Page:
Kudzu is a vine in the pea family that was ushered from Japan to the U.S. in 1876 at the Philadelphia Centennial Exposition as a decorative plant. In the 1930s and 1940s it was used to prevent erosion of soil in the southeastern U.S.
Young kudzu has prickly-haired, yellowish green stems, but with age the stems lose their hair and turn grayish brown. The stem has large, alternating dark green leaves with hair on their backsides. Kudzu's spiky, reddish-purple flowers grow in clusters. The roots are large and travel deep.
Kudzu grows fast -- about a foot per day -- spreads out, about 50 feet across, and climbs up to 100 feet. The vine has been used for medicinal purposes in China since around 200 BC.
Many parts of kudzu, including the flower, root, and leaf, are used for therapeutic purposes::
Headaches and migraines
High blood pressure
Cold and flu
In 2012, researchers at McClean Hospital in Massachusetts found that a compound from the kudzu root, known as puerarin, alters drinking patterns in people with alcoholism. The study authors conclude that kudzu may be useful in alcoholism treatment. Volunteers who were given 1200mg of puerarin daily drank less beer compared to study participants who were given a placebo.
Puerarin, an isoflavone derived from the kudzu root, is a traditional Chinese medicine used to prevent blood clots in stroke patients.
The leaves of the kudzu are very versatile. They can be used as food and to make baskets. Kudzu vines have been harvested to make paper.
Kudzu may be effective for:
An alternative to estrogen
Improved blood circulation to the heart and brain
More research is needed regarding usage for:
Cold and flu
Alcoholism and alcohol-induced hangovers
Symptoms of menopause
High blood pressure
Please note that these lists are not exhaustive. Check with your doctor to see if treatment with kudzu is right for you.
Safety concerns and side effects
Kudzu is safe to use up to four months for most people.
There seems to be no side effects associated with kudzu when taken orally. If you experience any, let you doctor know.
Kudzu administered via IV may cause itching, nausea, and red blood cell damage.
Do not use kudzu if you are pregnant or breastfeeding, or have a bleeding or clotting disorder, cardiovascular problems, estrogen-sensitive condition (breast cancer or uterine fibroids, for example), or diabetes.
Certain medications, when taken with kudzu, can cause adverse side effects. Ask your doctor before using kudzu if you are taking medication, including the following:
Estrogen: Kudzu has caffeine and estrogen can affect how fast the body eliminates the stimulant. So limit your coffee, tea, and cola intake if you're on estrogen.
Blood thinners: Kudzu may interfere with clotting, so mixing these could cause bleeding problems.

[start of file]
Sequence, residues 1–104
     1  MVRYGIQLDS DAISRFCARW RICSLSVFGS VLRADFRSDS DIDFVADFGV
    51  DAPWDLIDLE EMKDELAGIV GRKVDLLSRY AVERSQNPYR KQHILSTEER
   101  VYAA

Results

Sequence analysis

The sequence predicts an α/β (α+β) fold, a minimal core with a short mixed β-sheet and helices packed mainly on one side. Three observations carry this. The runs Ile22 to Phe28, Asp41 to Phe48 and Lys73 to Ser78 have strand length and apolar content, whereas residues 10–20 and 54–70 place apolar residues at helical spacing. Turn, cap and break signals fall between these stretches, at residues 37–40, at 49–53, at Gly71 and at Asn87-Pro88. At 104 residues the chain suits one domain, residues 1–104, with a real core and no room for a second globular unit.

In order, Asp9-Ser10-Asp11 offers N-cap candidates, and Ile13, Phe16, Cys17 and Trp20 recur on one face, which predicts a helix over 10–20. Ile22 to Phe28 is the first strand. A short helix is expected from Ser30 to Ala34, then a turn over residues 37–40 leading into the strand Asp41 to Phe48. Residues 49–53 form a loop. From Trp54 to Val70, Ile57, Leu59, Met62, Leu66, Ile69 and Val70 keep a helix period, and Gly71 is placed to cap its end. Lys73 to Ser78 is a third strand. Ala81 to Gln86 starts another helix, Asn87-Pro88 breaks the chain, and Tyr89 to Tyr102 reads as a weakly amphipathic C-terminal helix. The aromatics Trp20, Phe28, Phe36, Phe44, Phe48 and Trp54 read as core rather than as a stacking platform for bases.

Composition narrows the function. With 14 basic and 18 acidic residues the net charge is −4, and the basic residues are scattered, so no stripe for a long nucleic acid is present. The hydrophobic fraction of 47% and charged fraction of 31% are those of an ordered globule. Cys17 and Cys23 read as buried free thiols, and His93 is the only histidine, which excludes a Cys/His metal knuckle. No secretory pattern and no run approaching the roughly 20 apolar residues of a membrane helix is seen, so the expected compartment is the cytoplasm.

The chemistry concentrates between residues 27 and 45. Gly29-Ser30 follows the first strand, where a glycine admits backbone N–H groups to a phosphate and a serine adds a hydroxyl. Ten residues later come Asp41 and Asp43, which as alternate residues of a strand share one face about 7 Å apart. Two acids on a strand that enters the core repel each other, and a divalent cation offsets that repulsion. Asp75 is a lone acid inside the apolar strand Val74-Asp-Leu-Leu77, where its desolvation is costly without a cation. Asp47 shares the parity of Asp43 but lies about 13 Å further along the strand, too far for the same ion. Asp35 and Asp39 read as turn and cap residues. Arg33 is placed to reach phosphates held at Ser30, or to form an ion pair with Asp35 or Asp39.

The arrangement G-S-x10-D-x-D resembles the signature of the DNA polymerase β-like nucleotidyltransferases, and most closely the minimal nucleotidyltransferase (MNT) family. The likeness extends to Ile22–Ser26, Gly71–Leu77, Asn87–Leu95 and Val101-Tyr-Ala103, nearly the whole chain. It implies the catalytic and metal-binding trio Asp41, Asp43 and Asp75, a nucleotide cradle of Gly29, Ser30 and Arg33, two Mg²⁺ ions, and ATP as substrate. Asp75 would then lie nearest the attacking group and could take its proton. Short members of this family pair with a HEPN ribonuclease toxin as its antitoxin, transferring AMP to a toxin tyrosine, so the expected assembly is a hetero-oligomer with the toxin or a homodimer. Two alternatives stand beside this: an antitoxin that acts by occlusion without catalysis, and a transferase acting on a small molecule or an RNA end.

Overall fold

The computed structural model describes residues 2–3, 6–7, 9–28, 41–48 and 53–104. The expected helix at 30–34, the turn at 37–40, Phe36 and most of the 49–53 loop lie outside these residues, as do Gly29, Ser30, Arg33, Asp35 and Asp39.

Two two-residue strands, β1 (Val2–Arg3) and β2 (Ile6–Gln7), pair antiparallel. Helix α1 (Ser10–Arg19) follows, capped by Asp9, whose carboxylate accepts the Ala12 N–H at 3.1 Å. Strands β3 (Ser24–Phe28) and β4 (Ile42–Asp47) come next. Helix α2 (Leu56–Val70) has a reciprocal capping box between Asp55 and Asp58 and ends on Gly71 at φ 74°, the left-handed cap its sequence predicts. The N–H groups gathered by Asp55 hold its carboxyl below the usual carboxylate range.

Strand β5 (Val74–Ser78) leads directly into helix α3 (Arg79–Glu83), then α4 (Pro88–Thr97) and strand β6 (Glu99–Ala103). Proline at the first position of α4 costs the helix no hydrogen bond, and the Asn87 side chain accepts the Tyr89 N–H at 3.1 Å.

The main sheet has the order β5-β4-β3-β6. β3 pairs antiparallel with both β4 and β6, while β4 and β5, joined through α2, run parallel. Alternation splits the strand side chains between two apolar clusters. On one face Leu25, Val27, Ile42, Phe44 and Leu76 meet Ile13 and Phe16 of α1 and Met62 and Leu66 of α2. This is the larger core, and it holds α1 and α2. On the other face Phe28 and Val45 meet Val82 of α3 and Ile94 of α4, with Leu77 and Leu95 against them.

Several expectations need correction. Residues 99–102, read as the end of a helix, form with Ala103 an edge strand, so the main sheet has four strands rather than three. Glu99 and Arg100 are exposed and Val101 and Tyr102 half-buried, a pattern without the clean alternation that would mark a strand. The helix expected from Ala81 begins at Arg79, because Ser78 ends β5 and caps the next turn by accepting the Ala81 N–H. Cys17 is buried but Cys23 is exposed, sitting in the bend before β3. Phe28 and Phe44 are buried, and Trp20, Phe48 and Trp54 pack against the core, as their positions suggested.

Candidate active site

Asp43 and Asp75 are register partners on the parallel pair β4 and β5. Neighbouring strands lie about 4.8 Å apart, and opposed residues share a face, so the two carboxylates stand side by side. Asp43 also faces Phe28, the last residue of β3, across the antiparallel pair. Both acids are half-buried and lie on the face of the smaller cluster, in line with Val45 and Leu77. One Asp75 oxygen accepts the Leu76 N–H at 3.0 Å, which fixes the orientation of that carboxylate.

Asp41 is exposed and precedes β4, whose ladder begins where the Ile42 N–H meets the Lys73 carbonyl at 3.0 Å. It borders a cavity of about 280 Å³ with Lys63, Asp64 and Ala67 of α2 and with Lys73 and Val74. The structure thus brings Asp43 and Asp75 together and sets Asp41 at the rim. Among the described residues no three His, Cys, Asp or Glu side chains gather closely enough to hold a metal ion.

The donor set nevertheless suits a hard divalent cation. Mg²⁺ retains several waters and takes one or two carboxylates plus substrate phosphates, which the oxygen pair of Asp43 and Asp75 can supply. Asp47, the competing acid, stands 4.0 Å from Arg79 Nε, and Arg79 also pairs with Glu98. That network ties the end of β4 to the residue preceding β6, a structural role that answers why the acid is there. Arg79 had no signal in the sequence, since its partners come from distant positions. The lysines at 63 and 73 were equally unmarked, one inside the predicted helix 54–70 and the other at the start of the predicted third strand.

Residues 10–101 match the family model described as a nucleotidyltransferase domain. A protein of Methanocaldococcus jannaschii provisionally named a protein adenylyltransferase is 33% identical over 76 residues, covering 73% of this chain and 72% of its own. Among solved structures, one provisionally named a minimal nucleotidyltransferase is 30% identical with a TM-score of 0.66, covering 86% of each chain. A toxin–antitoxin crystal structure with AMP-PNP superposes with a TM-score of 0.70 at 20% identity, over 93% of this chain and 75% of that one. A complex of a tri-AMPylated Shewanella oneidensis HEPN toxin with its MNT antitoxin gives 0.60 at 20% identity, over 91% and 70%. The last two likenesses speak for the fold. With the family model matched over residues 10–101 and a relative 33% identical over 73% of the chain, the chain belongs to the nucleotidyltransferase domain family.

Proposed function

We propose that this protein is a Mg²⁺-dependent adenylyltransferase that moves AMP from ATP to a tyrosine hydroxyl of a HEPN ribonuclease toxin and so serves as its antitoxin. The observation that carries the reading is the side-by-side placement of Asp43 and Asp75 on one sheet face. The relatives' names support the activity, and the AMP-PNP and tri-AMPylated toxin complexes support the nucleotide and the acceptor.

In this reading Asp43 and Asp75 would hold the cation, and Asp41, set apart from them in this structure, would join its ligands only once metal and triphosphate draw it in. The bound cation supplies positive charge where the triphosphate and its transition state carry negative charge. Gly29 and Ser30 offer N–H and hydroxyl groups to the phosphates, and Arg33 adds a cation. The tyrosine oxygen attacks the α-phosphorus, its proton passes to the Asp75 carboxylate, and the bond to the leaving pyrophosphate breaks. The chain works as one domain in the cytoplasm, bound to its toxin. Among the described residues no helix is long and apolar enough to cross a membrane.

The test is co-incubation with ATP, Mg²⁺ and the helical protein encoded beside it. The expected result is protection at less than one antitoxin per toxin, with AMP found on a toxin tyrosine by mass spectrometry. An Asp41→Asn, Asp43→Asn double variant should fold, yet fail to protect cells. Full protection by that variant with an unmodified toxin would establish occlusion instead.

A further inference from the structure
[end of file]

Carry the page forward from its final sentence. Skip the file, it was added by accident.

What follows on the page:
Methotrexate: Kudzu may affect how quickly the body eliminates this cancer medication, thus possibly heightening its side effects.
Tamoxifen: Kudzu may hinder the effectiveness of certain cancer treatment medications.
Birth control pills: Kudzu can thwart the effectiveness of birth control drugs. Use other forms of birth control if you consume kudzu.
Diabetes medication: Keep track of your blood sugar if you consume kudzu since it is known to lower blood sugar levels.
Kudzu was deemed a pest weed in the 1950s and a federal noxious weed in 1998. It is especially problematic from Connecticut to Florida and Texas. Oregon and North Dakota also have issues with the vine. Kudzu can thrive in a variety of climates. The fast and furious way it grows can wreak havoc.
Kudzu can limit the amount of light, water, and food that plants and trees receive, strangle root systems, cover and uproot trees, and smother vegetation. It can also limit access and hinder the work of rangers, woodland workers, and explorers.
Kudzu dosage for consumption and medicinal purposes vary. Consult your healthcare provider for the dosage that's right for you. Inform your healthcare provider of all supplements and complementary care you use. Herbs and other supplements are not strictly regulated by the government. Product safety and consistency are not guaranteed. Effects may vary according to brand and batch.
While we don't sell kudzu, you can compare brands and price here at PricePlow.
USDA Forest Service, Forest Health Staff, Newtown Square, PA; Weed of the Week: Kudzu
National Park Service; Kudzu; 2010
Missouri Department of Conservation; Kudzu; 2011
- Penetar DM; Drug and Alcohol Dependence; "The isoflavone puerarin reduces alcohol intake in heavy drinkers: a pilot study." 2012